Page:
Another Stereotype of the Month entry:
This Non Sequitur cartoon equates the grievances of the Pilgrims and Indians. It implies both were equally at fault, their complaints equally valid (or invalid). Not so.
In fact, the Indians generously welcomed their uninvited guests. The Pilgrims took advantage of this hospitality. The Indians owned the land; the Pilgrims stole it. The Indians signed treaties; the Pilgrims (okay, their descendants) broke them.
So the two sides weren't equally right or wrong in their disputes. The Indians were generally right and the Pilgrims were generally wrong. This cartoon misrepresents that truth and promotes a Eurocentric view of affairs.
How does that hurt anyone? Well, if Indians are equally to blame for any problem, why should the rest of us do anything to rectify the situation? Let them take care of their own mess. That's a reasonable conclusion if you buy Non Sequitur's unreasonable premise.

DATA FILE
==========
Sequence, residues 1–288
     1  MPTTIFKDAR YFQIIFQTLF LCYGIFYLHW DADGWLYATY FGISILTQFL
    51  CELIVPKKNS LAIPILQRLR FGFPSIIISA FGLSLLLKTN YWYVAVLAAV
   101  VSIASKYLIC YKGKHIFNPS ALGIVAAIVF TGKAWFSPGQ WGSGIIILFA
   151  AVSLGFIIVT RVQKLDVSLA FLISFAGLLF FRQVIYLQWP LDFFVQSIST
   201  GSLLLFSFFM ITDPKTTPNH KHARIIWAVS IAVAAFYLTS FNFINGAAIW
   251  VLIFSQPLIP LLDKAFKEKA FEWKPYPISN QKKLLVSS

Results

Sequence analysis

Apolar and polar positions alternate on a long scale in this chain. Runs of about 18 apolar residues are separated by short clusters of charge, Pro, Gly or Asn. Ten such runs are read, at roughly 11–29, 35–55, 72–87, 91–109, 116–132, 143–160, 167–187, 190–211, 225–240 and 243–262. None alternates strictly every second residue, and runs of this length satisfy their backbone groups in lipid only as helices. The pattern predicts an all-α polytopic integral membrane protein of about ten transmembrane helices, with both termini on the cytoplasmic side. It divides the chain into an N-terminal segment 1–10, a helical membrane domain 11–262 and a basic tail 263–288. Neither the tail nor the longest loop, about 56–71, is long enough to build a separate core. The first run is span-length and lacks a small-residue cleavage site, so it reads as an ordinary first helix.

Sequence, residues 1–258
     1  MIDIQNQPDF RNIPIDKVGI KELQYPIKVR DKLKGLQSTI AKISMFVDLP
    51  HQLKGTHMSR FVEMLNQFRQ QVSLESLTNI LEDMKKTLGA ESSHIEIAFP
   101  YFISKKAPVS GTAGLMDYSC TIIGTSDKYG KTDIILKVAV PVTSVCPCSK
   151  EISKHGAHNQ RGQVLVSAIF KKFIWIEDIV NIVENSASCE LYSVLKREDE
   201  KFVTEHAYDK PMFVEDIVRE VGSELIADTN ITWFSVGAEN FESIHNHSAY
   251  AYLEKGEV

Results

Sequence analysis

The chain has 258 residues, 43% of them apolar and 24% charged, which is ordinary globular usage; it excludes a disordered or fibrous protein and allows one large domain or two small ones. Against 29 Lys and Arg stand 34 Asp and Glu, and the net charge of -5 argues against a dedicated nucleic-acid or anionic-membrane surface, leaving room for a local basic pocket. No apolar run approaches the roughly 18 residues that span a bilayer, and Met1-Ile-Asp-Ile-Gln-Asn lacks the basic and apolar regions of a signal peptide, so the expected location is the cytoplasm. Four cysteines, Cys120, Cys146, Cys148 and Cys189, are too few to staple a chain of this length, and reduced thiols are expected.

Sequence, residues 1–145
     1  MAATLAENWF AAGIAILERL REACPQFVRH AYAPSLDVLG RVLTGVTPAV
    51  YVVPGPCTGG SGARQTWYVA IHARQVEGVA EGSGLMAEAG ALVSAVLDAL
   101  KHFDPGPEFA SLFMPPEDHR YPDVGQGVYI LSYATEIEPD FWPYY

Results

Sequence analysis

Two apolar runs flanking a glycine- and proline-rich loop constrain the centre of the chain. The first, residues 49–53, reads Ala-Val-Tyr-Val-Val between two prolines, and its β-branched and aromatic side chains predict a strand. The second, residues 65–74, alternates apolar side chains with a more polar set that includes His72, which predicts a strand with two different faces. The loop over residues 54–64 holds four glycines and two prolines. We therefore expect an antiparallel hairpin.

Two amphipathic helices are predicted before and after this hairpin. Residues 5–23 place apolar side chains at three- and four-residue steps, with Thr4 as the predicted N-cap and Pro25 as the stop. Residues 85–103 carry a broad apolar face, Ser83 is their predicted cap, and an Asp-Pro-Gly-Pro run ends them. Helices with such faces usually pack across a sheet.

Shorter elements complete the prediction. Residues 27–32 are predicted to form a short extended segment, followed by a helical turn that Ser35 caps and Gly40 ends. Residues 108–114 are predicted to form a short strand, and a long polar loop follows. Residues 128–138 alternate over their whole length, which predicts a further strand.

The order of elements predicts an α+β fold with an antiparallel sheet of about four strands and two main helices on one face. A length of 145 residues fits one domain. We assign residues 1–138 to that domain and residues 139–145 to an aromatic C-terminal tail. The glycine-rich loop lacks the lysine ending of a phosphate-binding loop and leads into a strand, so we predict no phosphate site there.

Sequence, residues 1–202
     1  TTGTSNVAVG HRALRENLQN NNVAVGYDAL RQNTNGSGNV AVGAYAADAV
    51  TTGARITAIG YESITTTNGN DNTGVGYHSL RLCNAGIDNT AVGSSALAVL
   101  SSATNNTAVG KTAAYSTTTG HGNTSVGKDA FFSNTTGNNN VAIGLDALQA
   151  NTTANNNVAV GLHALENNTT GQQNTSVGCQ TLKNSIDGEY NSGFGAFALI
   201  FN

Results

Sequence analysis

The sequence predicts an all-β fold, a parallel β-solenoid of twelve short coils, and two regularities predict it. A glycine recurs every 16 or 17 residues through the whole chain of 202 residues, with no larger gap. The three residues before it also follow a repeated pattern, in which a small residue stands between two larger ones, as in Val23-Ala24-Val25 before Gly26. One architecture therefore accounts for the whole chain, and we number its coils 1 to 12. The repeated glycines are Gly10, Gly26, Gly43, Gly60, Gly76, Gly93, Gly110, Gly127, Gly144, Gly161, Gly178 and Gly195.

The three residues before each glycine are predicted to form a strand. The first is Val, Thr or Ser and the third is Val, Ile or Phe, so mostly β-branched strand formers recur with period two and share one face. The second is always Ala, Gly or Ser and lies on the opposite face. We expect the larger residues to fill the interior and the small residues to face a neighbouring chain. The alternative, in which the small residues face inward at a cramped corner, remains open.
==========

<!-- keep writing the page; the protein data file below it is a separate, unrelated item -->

Also note the implication that no real solutions were available to the conflicts between Europeans and Native Americans. In reality, they were available. The Europeans simply had to live up to their word, obey the precepts in their Bible. They didn't need an extraordinary solution, such as a horse conciliator, because they instigated the conflicts. They could've stopped them as easily as they started them.
Ten little Pilgrims and Indians
Those evil European invaders
Native comic strips vs. comic books
. . .
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